In the world of transportation, some vehicles are not just meant to serve a purpose but also to captivate the imagination and leave a lasting impression. One such vehicle is the White Streamliner 1947 by Labatt, a brewery based in Ontario, Canada. This iconic truck, with its curvaceous lines and vibrant colors, was designed to catch the eye and make a statement. While its visual appeal took precedence over aerodynamics, there is no denying the dynamic impact it had on the public during its heyday.
Labatt’s Brewery, known for its innovative marketing strategies, embarked on a venture in the late 1970s to restore one of their third series Streamliners built in 1947. Collaborating with Joe and Bob Scott of London, Ontario, they aimed to bring back the large rolling billboards that had effectively advertised Labatt’s products in the past. The project was set in motion, fueled by a desire to blend nostalgia with contemporary advertising techniques.
During the 1930s and 1940s, beer advertising faced stringent regulations in Ontario. Traditional forms of advertising, such as dynamic print ads, were prohibited, and television was still in its nascent stage. To circumvent these limitations and create a visual impact, breweries turned to custom-built trucks. Labatt’s, in particular, pioneered this trend by commissioning renowned designer Count Alexis de Sakhnoffsky to create a fleet of trucks that were distinct from the boxy production models of the time.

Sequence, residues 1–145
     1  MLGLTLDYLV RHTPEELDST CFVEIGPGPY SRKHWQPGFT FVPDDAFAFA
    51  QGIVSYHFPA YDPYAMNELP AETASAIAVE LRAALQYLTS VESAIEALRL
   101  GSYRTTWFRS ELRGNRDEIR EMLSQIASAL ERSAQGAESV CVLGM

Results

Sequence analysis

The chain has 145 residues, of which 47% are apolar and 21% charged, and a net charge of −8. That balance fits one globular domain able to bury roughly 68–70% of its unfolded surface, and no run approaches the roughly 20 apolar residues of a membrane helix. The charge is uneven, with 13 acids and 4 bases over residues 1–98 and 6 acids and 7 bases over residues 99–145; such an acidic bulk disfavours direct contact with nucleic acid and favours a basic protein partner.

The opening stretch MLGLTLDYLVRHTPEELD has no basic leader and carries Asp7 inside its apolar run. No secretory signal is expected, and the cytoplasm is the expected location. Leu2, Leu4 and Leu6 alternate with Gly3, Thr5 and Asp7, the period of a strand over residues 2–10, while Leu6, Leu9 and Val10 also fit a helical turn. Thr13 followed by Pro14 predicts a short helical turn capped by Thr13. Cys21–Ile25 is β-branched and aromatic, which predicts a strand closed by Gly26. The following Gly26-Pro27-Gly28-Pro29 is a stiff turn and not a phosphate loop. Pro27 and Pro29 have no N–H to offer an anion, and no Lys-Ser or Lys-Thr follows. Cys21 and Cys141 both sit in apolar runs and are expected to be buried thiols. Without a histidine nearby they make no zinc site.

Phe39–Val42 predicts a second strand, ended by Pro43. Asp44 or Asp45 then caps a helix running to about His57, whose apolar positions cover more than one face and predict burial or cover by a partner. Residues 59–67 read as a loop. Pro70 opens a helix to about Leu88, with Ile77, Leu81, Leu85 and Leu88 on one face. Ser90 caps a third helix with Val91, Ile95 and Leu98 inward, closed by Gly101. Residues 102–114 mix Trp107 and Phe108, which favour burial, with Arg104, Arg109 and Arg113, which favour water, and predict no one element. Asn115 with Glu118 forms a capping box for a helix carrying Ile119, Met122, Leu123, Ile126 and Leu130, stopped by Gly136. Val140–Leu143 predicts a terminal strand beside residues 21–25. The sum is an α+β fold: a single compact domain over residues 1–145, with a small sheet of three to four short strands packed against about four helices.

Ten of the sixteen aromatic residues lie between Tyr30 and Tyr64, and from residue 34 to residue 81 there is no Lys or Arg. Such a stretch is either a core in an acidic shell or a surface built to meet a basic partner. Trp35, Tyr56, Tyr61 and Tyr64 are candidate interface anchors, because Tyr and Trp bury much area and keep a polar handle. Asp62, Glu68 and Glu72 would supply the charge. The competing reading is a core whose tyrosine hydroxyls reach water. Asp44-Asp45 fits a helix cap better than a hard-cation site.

The Streamliners stood out on the roads of Ontario, catching the attention of everyone they passed. With each new series, the designs became more curvaceous and futuristic. The streamlined trailers, although smaller in volume compared to their square counterparts, met the weight restrictions imposed on beer shipments. The custom-built trailers, crafted by Smith Bros. Motor Body works of Toronto, featured wooden frames covered in hand-formed metal panels, often made of aluminum. The interiors of the trailers were lined with wood from floor to ceiling.
Labatt’s initially ordered 15 Streamliner units, priced at $30,000 each. However, due to various factors, only 10 were completed between 1946 and 1948. These Streamliners served Labatt’s faithfully until 1957 when changes in truck regulations and advertising practices rendered them obsolete. The introduction of dual-axle construction allowed for heavier loads, while Labatt’s also found new avenues for advertising, such as television. The trucks underwent a transformation, with conventional styling replacing the bold and futuristic designs. Additionally, the decline of skilled coach builders further contributed to the retirement of the Streamliners.
Joe Scott, a White truck dealer in London, Ontario, had been a significant customer of Labatt’s. As the Streamliners were retired, Labatt’s sold them to Scott, who became their caretaker. The trailers, designed exclusively for the Streamliner tractors, were no longer in demand and found new roles as storage units or crew shelters on industrial sites. Unfortunately, the tractors were rendered obsolete as well since they could only be coupled with the unique streamlined trailers and were eventually scrapped.
One of the surviving gems from this era is a 1947 White COE chassis model WA-122, serving as the base for the Streamliner cab. It is powered by a gasoline-fueled straight six-cylinder engine, the White Mustang model 150A, delivering 135 bhp. The cab’s distinct feature is its ability to tilt forward, granting easy access to the drivetrain, a feature exclusive to the White COE. Equipped with a Clark model 501-B five-speed transmission and a White model 33C single reduction rear axle, this truck exemplifies